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Brain Health, Plasticity, Neurogenesis Therapies

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“Specific pathologies, aging or some inadequate life habits can deteriorate cognitive functionality…However, there are cognitive stimulation techniques that help us prevent this deterioration and even improve our…”

Cognitive function, dementia, neurogenesis- to me they are all fancy words that are talking about my brain health. Conventional medicine and the FDA only research and develop drugs to manage dementia.

I underwent lots of toxicity in the form of chemotherapy when I was diagnosed with a blood cancer called multiple myeloma. And my brain health took a beating. We cancer survivors call it chemo brain. But the long and short of chemo brain is brain damage caused by toxicity.

I’ve spent the past 10-15 years trying to heal the brain damage caused by all the therapies given to me to heal me. I’m talking about

  • nutrition supplementation, 
  • lifestyle therapies
  • brain games
  • clean nutrition

Really simple, straightforward stuff. But it words. And none of it, none of these therapies are toxic. Go figure.

Do you have dementia? Brain health impaired in some way. Scroll down the page, post a question or a comment and I will reply to you ASAP.


David Emerson

  • Cancer Survivor
  • Cancer Coach
  • Director PeopleBeatingCancer

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Brain Plasticity and Neurogenesis: How Do They Affect Your Brain?

“For decades, scientists have puzzled over whether the brain can change during the course of a lifetime. Today, we know it can.

Neuroscientists call this “brain plasticity.” Also known as neural plasticity or neuroplasticity, it sometimes involves a process called neurogenesis, which is defined as the creation of new neurons…

“Brain plasticity” refers to the nervous system’s ability to transform and reorganize itself throughout your life span, usually in response to experiences or stimuli…

Brain development was once thought to stop completely a few years after puberty, but we now know the brain continues to adapt and change well into adulthood.

While the changes are definitely less dramatic than those of the developing brain, they are crucial to our ability to learn, form memories, and recover from illnesses and injuries…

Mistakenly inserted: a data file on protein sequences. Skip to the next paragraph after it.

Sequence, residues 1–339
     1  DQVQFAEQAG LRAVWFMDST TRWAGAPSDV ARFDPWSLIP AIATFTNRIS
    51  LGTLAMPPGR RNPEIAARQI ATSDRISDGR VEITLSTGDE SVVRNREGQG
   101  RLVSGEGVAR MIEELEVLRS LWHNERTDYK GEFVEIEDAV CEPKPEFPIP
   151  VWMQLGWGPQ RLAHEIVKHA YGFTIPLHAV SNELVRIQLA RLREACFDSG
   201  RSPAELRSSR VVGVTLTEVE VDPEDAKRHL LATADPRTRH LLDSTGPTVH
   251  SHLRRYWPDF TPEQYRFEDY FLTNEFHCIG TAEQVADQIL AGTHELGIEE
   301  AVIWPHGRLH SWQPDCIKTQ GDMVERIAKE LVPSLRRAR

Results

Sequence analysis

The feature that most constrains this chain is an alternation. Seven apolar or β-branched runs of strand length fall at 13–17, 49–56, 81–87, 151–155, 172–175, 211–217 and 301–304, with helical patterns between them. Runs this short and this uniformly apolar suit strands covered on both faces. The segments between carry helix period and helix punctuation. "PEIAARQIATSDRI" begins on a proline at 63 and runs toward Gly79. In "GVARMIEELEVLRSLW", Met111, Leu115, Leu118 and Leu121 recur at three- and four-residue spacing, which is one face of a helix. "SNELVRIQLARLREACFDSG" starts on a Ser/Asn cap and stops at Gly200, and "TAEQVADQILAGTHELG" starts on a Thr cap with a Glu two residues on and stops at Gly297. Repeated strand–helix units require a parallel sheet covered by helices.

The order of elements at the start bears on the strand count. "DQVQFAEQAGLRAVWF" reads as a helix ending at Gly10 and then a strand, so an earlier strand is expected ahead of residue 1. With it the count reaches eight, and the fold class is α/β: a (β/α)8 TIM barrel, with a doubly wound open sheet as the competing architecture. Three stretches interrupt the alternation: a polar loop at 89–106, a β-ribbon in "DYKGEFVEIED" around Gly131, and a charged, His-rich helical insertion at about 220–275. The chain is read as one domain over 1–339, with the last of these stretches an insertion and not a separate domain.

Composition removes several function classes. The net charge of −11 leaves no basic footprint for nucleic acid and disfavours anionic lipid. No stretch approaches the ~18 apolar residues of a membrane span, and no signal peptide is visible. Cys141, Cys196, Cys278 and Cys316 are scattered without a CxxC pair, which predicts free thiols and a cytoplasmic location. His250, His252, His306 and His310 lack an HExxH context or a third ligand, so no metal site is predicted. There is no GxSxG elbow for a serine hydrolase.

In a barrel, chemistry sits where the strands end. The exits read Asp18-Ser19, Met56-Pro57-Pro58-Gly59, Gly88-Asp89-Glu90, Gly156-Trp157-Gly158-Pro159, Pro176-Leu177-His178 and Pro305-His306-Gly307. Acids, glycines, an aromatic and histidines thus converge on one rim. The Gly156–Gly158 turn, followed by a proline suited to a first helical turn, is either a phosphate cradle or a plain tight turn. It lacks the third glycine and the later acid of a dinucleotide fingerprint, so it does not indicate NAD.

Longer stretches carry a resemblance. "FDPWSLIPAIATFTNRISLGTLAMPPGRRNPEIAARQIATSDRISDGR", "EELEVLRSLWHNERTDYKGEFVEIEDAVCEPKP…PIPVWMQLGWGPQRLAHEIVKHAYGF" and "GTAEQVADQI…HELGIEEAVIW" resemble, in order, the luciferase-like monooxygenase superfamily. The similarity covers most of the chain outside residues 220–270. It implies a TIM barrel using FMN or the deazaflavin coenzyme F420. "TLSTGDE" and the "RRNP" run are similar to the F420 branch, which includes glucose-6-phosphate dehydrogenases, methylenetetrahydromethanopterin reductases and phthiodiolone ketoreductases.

Types of brain plasticity

There are two major types of brain plasticity:

  • Functional. Functional plasticity refers to neural activity and connectivity, and how it changes in response to certain events or experiences. For example, after an injury such as a stroke, activity may increase in certain areas of the brain to compensate for lost functions.
  • Structural. New information and experiences — for instance, learning a new language, taking music lessons, or exploring the streets of a new city — can change the physical structure of the brain, making certain areas increase or decrease in size…
What is neurogenesis? 

“Neurogenesis” refers to the formation of new neurons. It’s an important part of brain plasticity, but it’s not the only example.

New neurons mostly form before birth and in the early years of life, when the brain is still developing. They then migrate and differentiate to carry out a wide range of functions within the nervous system. There are thousands of different types of neurons in the human brain.

It’s only recently that neuroscientists have discovered evidence of adult neurogenesis, but it’s still a subject of intense debate…

What’s the importance of brain plasticity and neurogenesis?

Brain plasticity is critical to human development from the moment the nervous system starts to form in an embryo. In fact, it’s hard to imagine what human life would look like if the brain didn’t change and evolve…

A number of current studies also focus on the importance of neuroplasticity and neurogenesis in aging. In particular, evidence from animal studiesTrusted Source suggests that hippocampal neurogenesis may protect against cognitive decline, along with age-related illnesses, such as Alzheimer’s disease and stroke…

What can you do to boost brain plasticity and neurogenesis?

Brain plasticity varies a lot from one person to the next. While age is a crucial factor, researchers believe your personality and lifestyle also influence it.